The Philippines is a leading producer of nickel and a significant producer of gold and copper. The country also exports iron ore, chromium, zinc and silver, and produces some oil and gas. The extractive sector makes a relatively small contribution to the national economy, accounting for less than 1% of the country’s GDP and 7.9% of total exports in 2021.
There is considerable anti-mining sentiment in the country, especially in communities affected by the environmental impacts and displacement of indigenous peoples caused by mining operations. There are also debates about whether local governments are getting their equitable share of natural resource revenues.
The EITI has been used as a platform to show the direct and indirect contributions of the extractive sector to the economy, improve public understanding of the management of natural resources and public availability of data, and create opportunities for stakeholder dialogue and constructive engagement in natural resources management. Philippines EITI (PH-EITI) aims to strengthen systematic disclosures, beneficial ownership and contract transparency, and to expand EITI reporting to cover non-metallic mines, royalty payments to indigenous communities, gender and small-scale mining.
Economic contribution of the extractive industries
- to total government revenues
- to exports
- to GDP
- to employment
Как ИПДО используется для борьбы с коррупцией
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- PH-EITI identified subnational implementation of EITI processes as one of its strategic objectives for 2023-2028 and in 2023 compiled a directory of Provincial and City Mining Regulatory Boards across the Philippines, evaluating their potential in facilitating local-level EITI implementation.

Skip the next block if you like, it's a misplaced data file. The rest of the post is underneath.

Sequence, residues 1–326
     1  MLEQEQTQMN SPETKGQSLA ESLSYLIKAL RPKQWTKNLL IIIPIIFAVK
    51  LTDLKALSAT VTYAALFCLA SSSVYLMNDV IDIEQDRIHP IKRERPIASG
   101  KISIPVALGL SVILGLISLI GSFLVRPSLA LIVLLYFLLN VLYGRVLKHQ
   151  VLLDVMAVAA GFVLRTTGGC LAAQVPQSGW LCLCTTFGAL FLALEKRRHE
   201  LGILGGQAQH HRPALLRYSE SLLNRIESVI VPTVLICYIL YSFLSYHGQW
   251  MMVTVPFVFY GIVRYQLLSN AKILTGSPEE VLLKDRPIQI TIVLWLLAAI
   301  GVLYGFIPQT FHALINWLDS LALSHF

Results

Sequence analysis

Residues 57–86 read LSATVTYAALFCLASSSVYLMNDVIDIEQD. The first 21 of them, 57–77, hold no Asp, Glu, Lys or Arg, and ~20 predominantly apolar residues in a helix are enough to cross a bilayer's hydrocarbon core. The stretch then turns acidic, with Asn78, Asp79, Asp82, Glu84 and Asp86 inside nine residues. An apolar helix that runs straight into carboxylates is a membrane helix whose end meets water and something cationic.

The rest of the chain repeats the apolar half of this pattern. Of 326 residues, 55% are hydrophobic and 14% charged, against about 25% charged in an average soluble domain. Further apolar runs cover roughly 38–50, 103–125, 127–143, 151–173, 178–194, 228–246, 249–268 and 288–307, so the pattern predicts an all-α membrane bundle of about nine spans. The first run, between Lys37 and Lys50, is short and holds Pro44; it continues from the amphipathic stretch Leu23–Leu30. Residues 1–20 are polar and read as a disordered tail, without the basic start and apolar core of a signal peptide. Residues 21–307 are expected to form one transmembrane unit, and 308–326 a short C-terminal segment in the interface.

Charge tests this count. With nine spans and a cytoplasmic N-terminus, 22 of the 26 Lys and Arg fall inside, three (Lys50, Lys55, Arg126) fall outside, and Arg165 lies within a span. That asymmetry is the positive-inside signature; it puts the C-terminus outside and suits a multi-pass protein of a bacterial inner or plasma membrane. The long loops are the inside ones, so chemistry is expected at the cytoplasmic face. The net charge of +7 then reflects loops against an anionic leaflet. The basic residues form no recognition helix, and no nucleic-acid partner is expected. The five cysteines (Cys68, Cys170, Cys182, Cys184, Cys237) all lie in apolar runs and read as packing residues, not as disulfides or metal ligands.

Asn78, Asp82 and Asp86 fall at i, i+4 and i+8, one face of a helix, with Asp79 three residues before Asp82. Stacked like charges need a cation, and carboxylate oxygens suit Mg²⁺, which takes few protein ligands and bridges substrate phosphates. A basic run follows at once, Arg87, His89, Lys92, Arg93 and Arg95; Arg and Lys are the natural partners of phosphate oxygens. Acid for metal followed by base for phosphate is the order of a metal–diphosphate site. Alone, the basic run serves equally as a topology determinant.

- PH-EITI identified the formulation of policy proposals – including processes and mechanisms of natural resources governance – as one of its strategic objectives for 2020-2022.
- In 2020, PH-EITI published a scoping study on Women and Large-Scale Mining in the Philippines. The study presents several recommendations for addressing key issues and policy gaps, including amendments to the Philippine Mining Act of 1995 to incorporate gender-sensitive provisions. It also suggests measures for mining companies and local governments on how mining can be more responsive to women and gender issues.
- PH-EITI carried out a study on beneficial ownership and politically exposed persons related to extractive companies to examine current disclosure practices, gaps and barriers.
- PH-EITI conducted a mainstreaming feasibility study, which aims to inform EITI implementing agencies on how extractives information can be systematically disclosed.
The Philippines’ mining sector is principally governed by the Philippine Mining Act of 1995, which defines the scope for the exploration, development, utilisation and processing of mineral resources. Small-scale mining is governed by the People’s Small-Scale Mining Act. The oil and gas sectors are governed by the Oil Exploration and Development Act, while coal is governed by the Coal Development Act.
The Tax Reform for Acceleration and Inclusion (TRAIN) Law of 2018 amended several provisions of the National Internal Revenue Code, particularly the excise tax rates on minerals, mineral products, and quarry resources, as well as on coal and indigenous petroleum.
The extractive sector is mainly regulated by the Mining and Geosciences Bureau and Environmental Management Bureau under the Department of Environment and Natural Resources (DENR) and the Department of Energy (DOE). Subject to the President’s approval, the latter departments may enter into petroleum service contracts and coal operating contracts with qualified operators. The Department of Finance (DOF) and its bureaus, such as the Bureau of Internal Revenue (BIR), manage all revenue-related issues.